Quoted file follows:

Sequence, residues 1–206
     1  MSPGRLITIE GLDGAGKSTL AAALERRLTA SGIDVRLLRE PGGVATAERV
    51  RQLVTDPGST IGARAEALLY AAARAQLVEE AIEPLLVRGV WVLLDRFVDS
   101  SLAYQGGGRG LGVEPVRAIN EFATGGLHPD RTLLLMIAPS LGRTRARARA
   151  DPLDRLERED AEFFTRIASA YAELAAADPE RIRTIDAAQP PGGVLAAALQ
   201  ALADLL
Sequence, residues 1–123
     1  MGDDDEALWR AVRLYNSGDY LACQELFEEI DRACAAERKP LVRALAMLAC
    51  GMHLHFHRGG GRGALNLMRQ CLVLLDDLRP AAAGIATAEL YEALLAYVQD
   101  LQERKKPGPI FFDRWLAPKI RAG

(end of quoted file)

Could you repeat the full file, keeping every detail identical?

Sequence, residues 1–206
     1  MSPGRLITIE GLDGAGKSTL AAALERRLTA SGIDVRLLRE PGGVATAERV
    51  RQLVTDPGST IGARAEALLY AAARAQLVEE AIEPLLVRGV WVLLDRFVDS
   101  SLAYQGGGRG LGVEPVRAIN EFATGGLHPD RTLLLMIAPS LGRTRARARA
   151  DPLDRLERED AEFFTRIASA YAELAAADPE RIRTIDAAQP PGGVLAAALQ
   201  ALADLL
Sequence, residues 1–123
     1  MGDDDEALWR AVRLYNSGDY LACQELFEEI DRACAAERKP LVRALAMLAC
    51  GMHLHFHRGG GRGALNLMRQ CLVLLDDLRP AAAGIATAEL YEALLAYVQD
   101  LQERKKPGPI FFDRWLAPKI RAG